Over the weekend, the president of the United States retweeted to his 38 million Twitter followers a video clip doctored to show him driving a golf ball off the tee and between the shoulder blades of Hillary Clinton — "CrookedHillary" in the tweet — knocking the former secretary of state and Democratic presidential nominee to the ground.
Eighty-four thousand people "liked" this violent takedown of Trump's former opponent.
A woman has been speaker of the House (and proved substantially more effective than the two men who succeeded her), another came within a whisker of the presidency, and others (Republican Sens. Lisa Murkowski of Alaska and Susan Collins of Maine) wield the decisive votes on health-care and other legislation. But recent events make it feel as if we're in an earlier time, when a woman's job in politics was simple: sit down and shut up. This no doubt is the work of a president who, by word and deed, made sexism safe again, giving license to shed "political correctness" and blame troubles on minorities, immigrants and women.
Trump's golf tweet no doubt was inspired by the attention Clinton has gotten for her new book, which has been met with a predictable response: wishing the woman who won the popular vote would "shut up and go away" — as Fox News's Greg Gutfeld put it. Many reviewers and commentators said similar.
The public disagrees; the book is a No. 1 bestseller.
Clinton isn't the only woman being told lately to shut up. When Rep. Pramila Jayapal (D-Wash.) rose on the House floor this month to oppose an amendment by Rep. Don Young (R-Alaska), Young twice called Jayapal, 51, a "young lady," and said she "doesn't know a damn thing." (Young later apologized.)
This brought to mind Sen. Richard Burr (R-N.C.), who at two different hearings in July shut down Sen. Kamala D. Harris (D-Calif.) when she aggressively questioned witnesses. Burr, chairman of the Senate Intelligence Committee, ordered her to be silent and lectured her about "courtesy."
And this, in turn, echoed Majority Leader Mitch McConnell's infamous silencing of Sen. Elizabeth Warren (D-Mass.) on the Senate floor in February when she read a letter from Coretta Scott King criticizing Jeff Sessions: "She was warned. . . . Nevertheless, she persisted." Male senators reading the letter received no rebuke.
Another new book by another strong woman, NBC's Katy Tur, recalls the abuse she suffered during the campaign when Trump taunted "Little Katy" and ordered her to "be quiet" during a news conference. Tur describes him kissing her before a TV appearance: "Before I know what's happening, his hands are on my shoulders and his lips are on my cheek." Of course, Trump has done worse, boasting about grabbing women by the genitals, bragging publicly about his penis size, and more.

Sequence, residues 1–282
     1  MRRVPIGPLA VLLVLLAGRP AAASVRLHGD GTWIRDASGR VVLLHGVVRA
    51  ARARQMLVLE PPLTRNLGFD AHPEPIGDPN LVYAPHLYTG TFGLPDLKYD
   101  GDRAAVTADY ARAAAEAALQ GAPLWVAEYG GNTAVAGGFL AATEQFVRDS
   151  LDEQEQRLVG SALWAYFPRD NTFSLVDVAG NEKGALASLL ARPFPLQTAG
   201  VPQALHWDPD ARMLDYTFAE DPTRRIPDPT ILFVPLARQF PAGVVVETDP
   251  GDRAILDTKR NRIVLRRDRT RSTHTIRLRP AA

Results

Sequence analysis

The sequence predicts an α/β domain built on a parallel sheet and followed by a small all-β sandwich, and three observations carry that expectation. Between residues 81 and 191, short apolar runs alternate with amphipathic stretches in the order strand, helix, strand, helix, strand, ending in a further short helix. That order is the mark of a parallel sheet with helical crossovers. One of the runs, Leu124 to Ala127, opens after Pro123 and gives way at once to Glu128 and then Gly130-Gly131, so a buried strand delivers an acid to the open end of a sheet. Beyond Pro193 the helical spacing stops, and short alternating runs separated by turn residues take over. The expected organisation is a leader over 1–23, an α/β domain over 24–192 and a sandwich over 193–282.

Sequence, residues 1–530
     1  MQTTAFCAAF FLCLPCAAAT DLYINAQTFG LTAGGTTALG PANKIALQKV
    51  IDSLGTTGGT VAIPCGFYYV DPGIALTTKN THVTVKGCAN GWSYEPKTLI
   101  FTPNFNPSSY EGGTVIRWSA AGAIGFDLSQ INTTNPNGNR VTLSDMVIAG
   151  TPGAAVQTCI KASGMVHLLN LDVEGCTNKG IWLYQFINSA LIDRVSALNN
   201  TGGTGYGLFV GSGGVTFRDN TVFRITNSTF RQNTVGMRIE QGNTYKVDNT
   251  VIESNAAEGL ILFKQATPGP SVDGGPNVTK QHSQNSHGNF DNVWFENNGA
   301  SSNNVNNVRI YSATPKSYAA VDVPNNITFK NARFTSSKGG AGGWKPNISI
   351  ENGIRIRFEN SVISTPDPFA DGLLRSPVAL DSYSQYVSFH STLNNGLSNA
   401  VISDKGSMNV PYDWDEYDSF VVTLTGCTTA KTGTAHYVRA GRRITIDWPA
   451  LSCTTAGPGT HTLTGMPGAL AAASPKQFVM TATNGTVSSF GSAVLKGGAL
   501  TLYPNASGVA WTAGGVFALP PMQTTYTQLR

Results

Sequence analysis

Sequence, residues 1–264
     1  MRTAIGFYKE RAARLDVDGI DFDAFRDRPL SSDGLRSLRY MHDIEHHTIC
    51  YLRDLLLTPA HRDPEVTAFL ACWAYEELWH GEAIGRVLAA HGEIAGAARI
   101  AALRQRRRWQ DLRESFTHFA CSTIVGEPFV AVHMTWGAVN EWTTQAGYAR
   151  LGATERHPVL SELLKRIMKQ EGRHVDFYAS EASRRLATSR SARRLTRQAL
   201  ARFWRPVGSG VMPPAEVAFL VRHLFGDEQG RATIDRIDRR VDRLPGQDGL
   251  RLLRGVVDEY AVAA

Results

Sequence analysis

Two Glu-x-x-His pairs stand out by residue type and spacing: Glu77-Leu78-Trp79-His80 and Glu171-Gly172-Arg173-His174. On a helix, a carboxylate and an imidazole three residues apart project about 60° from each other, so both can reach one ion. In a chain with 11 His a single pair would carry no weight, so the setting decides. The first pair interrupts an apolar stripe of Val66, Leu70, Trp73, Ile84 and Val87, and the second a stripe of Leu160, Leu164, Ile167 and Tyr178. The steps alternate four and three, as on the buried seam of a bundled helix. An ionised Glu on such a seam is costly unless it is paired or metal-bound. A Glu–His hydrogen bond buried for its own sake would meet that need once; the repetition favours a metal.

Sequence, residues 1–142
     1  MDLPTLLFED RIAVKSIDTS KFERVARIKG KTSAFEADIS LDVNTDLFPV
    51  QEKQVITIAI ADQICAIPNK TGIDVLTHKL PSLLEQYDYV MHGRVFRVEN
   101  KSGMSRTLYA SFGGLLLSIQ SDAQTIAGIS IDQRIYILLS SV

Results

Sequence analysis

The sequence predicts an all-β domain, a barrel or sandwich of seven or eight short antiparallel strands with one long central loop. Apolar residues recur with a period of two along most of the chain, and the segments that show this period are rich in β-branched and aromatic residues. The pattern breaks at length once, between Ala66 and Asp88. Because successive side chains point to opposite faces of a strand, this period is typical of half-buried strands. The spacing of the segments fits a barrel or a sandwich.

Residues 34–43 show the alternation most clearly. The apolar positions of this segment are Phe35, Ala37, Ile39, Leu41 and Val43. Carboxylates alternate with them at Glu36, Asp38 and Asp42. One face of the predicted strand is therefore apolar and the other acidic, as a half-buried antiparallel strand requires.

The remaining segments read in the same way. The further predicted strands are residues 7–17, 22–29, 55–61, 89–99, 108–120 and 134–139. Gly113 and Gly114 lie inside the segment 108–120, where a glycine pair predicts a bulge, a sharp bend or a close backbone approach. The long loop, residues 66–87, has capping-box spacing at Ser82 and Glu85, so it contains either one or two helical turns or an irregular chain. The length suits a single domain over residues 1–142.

Alas, it's not just words. The latest Senate attempt at Obamacare repeal, drafted by four men, would eliminate Obamacare's requirement that insurers cover maternity care and funding for Planned Parenthood, one of the largest providers of women's health care. Tweeted Sen. Mazie Hirono (D-Hawaii): "A group of men wrote a devastating health care bill & are now trying to push it through w/o debate. It's almost like we've been here before."
In the White House last week, Trump was meeting with advisers and lawmakers when, as The Post's Ashley Parker and others recounted, House Minority Leader Nancy Pelosi (D-Calif.), the only woman in a room with 10 men, twice tried to answer a question. Both times, she was spoken over. Finally, the former speaker of the House broke through. "Does anybody listen to women when they speak around here?" she asked.
Pelosi described that memorable encounter to me on Friday, when I saw her in New Haven, Conn., at the wake for Luisa DeLauro, the longest serving alderman in the city's history and mother of Rep. Rosa DeLauro (D-Conn.). To me, Luisa DeLauro, who died last week at 103, was "Grandma Louise," because I'm married to Rosa's stepdaughter, Democratic pollster Anna Greenberg.
The funeral for Luisa, a pioneering woman in politics, juxtaposed with the outrageous treatment Pelosi endured in the White House days earlier, left me with an unwelcome realization about the persistence of sexism in this business. Grandma Louise was born on Christmas Eve in 1913, seven years before women won the right to vote. As a young woman of 19, serving as the secretary of the 10th Ward Democratic Club, Luisa was optimistic as she exhorted women to engage in politics in a 1933 article. Rosa read Luisa's words from long ago at the funeral: "We have gradually taken our place in every phase of human endeavor, and even in the heretofore stronghold of the male sex: politics. . . . Come on, girls, let's make ourselves heard."
The "girls" are speaking, loudly. But does anybody listen to women when they speak around here?